Old players and a young coach is no way to win an NBA championship. The Brooklyn Nets have learned this the hard way–on the court and at the bank.
Coach Jason Kidd reportedly ripped into his players after their Christmas Day defeat to the injury-plagued Chicago Bulls. The Nets lost 95-78, again falling apart in the second half. Shortly after fans chanted “Fire Kidd,” Kidd got fired up in the locker room and tore into his team.
With players not responding to the pleas of the coach, when does ownership respond to the pleas of the fans?
The revamped, budget-breaking team, unveiled to fans in a dramatic Barclays Center pre-season press conference, appears on track to play as one of the biggest busts in NBA history. The newly acquired duo of Kevin Garnett (6.7 ppg, 7.1 rpg) and Paul Pierce (12.3 ppg, 5.2 rpg) looks every bit like players worn down from 35 years of NBA competition. The leader on the bench, fined for a bush-league intentional drink spill to delay a game in November, coaches like someone suddenly thrust into the world’s premiere basketball league without any coaching experience.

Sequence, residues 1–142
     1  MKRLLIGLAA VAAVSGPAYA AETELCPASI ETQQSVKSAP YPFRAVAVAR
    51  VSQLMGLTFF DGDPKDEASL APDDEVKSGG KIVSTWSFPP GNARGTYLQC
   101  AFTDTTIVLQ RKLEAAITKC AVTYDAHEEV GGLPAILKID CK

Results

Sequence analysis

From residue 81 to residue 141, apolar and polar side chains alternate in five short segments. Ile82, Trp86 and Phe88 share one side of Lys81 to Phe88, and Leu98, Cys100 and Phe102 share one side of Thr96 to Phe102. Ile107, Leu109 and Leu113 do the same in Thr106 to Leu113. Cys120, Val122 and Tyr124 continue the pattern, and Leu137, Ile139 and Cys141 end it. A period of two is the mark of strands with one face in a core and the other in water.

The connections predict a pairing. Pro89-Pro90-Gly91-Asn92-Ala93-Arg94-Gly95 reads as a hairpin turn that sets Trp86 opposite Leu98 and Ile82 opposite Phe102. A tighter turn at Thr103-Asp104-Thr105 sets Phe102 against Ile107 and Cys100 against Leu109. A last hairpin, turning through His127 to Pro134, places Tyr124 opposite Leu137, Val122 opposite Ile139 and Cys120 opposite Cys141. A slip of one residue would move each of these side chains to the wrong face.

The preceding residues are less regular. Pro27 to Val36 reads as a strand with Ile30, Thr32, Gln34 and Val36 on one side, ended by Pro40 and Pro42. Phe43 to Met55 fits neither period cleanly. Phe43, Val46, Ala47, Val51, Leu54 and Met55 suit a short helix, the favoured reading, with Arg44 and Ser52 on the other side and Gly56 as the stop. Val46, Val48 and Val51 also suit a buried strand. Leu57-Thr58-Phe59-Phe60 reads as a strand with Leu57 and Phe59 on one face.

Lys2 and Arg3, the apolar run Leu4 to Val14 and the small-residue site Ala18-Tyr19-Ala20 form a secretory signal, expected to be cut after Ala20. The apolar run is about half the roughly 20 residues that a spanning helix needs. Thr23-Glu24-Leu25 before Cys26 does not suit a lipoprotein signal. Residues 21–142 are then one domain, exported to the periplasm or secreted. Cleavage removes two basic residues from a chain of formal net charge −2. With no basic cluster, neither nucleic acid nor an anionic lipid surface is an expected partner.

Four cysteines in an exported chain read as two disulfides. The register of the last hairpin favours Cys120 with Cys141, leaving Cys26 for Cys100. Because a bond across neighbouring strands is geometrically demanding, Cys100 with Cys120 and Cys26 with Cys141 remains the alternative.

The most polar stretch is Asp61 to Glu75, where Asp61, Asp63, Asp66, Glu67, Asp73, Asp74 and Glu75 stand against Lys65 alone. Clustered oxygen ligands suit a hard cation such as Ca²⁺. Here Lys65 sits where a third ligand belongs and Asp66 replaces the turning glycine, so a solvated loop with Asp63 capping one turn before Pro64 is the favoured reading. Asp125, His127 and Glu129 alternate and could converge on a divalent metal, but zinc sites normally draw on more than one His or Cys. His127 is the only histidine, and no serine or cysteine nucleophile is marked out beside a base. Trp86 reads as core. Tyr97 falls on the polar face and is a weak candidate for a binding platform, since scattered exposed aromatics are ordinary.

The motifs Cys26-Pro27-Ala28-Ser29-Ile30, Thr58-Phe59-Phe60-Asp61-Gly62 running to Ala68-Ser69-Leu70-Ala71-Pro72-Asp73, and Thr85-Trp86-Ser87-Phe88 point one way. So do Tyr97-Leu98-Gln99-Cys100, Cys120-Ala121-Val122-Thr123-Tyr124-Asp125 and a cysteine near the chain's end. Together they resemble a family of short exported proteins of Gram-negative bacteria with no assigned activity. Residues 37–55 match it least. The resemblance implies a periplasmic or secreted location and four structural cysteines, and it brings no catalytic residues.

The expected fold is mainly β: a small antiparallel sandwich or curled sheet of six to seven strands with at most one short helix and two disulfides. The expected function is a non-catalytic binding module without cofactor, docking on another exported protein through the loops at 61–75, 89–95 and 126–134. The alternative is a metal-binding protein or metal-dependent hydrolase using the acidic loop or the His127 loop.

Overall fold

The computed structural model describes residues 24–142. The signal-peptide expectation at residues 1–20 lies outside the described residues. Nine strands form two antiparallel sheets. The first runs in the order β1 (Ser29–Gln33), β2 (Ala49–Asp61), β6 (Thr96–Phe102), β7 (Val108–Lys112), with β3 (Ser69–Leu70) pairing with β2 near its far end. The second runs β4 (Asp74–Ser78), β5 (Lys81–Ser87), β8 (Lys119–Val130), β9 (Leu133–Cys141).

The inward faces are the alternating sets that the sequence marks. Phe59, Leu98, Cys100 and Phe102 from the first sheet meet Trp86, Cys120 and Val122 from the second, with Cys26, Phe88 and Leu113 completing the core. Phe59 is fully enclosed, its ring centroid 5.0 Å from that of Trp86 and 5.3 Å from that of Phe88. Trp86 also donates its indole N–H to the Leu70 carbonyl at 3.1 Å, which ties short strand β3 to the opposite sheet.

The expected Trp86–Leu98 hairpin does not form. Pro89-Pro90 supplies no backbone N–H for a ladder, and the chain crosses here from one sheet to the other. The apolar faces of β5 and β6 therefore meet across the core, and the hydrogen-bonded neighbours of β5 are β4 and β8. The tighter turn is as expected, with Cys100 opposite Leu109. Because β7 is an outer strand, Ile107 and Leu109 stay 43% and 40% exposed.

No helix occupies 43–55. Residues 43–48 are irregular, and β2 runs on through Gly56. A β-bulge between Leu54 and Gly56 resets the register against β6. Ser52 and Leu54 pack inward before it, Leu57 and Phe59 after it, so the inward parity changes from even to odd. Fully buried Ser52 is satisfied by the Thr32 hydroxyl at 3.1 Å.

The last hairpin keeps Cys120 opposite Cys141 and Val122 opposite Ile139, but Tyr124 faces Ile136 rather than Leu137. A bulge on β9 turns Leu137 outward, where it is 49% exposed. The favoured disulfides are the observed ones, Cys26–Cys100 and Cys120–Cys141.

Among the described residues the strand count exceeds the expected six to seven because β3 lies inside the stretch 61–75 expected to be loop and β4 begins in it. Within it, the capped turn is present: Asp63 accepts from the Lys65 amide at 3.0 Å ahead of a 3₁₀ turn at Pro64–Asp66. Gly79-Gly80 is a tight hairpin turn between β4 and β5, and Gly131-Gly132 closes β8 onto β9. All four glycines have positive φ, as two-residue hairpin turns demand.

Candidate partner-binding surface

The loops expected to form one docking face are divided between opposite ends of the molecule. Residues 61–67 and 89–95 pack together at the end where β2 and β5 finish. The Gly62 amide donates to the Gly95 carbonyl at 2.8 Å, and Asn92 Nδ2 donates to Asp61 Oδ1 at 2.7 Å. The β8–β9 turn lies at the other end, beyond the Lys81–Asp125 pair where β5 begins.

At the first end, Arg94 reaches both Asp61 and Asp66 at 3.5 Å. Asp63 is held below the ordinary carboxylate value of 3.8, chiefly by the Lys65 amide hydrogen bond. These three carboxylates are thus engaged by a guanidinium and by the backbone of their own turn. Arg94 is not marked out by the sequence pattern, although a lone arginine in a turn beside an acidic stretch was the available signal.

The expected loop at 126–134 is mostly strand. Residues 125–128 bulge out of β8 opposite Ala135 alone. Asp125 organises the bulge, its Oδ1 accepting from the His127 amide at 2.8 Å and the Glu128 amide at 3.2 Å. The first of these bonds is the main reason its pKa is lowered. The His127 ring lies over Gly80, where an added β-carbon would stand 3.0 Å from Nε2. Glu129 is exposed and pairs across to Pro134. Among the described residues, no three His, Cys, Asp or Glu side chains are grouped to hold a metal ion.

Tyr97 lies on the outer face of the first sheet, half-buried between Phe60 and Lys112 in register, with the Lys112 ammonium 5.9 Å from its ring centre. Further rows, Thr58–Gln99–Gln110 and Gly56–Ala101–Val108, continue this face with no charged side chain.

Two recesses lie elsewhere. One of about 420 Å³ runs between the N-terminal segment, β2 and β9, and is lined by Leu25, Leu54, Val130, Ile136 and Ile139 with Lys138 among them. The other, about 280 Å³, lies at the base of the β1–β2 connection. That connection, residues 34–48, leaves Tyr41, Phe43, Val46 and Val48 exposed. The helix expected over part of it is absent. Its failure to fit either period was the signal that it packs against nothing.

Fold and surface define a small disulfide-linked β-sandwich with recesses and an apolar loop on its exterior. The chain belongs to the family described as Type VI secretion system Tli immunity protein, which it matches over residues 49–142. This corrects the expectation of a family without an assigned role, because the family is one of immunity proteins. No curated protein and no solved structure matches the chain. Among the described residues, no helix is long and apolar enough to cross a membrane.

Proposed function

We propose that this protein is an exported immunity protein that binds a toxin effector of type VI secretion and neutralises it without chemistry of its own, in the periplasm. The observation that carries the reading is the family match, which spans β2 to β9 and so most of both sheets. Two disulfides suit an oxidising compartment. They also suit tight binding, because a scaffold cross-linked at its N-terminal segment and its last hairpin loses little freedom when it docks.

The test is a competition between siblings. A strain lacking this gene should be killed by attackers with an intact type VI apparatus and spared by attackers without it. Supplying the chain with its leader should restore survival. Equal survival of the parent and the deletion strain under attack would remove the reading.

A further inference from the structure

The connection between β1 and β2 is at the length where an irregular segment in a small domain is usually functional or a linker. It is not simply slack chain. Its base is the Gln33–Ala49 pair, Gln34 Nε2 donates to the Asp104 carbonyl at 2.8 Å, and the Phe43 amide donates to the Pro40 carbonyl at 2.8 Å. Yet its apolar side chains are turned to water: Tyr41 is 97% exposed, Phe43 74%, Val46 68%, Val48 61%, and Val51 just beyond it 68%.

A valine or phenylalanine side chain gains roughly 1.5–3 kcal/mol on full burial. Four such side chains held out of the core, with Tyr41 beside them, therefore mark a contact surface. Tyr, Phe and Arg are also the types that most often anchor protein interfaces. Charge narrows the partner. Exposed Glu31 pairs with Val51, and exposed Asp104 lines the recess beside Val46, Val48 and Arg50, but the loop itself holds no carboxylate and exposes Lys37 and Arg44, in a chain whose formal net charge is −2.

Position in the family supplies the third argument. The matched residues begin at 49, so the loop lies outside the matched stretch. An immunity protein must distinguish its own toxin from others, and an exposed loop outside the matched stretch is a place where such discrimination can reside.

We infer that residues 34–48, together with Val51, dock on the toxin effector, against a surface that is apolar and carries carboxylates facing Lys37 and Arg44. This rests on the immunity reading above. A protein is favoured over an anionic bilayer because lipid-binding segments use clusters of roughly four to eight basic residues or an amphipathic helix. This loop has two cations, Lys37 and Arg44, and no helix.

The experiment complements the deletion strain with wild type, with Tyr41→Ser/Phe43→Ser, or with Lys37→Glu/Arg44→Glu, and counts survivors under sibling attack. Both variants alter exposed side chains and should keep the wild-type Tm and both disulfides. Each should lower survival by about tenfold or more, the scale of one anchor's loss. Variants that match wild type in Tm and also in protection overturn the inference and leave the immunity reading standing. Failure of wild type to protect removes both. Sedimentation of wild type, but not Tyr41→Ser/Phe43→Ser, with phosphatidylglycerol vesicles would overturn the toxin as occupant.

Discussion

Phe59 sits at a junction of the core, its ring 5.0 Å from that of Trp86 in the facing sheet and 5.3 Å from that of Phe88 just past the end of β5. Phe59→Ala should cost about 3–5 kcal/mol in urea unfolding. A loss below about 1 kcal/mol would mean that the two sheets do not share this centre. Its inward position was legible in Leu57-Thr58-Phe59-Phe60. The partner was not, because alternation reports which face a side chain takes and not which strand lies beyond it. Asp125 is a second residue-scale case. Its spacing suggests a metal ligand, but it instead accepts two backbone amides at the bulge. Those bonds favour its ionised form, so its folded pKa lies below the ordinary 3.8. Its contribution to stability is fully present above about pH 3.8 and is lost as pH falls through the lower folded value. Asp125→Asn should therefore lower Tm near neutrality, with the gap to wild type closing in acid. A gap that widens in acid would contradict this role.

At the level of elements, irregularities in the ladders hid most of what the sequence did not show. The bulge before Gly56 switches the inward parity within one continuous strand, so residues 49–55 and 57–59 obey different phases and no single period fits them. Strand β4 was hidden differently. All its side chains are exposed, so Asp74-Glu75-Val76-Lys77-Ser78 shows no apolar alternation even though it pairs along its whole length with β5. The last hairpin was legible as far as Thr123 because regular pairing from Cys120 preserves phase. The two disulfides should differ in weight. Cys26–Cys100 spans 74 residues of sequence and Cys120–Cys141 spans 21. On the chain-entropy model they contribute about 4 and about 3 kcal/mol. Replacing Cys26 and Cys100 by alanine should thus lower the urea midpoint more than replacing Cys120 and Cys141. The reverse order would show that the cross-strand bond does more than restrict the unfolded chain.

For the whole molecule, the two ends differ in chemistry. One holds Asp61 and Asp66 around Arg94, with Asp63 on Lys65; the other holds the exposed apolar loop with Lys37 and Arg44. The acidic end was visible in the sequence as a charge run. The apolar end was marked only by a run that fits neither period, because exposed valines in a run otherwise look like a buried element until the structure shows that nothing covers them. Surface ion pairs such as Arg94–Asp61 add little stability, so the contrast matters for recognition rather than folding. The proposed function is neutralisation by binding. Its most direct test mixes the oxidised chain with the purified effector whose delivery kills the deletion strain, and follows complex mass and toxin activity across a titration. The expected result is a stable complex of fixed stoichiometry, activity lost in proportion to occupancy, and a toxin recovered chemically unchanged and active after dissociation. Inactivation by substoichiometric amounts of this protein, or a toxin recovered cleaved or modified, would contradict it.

Spillgate may be a metaphor for the Nets’ season. Despite the embarrassing act of desperation, Kidd’s antics never paid off. Sure, he succeeded in delaying the game. But when it came time to draw up the play during that added time, the Nets didn’t get it done. They lost at home to the Kobe-less Lakers 99-94. Similarly, the quick fix of stocking their roster with expensive contracts grabbed attention but not wins. The Brooklyn Nets are willing to dispense with dignity or dollars to win–they just aren’t able to win, at least not very much.
The Nets have compiled a 9-19 record this season. Paying out more than $100 million in player salaries, and an estimated $80 million luxury tax for blowing through the NBA’s $59 million salary cap, the team has spent $20 million for each of its wins a third of the way into the season.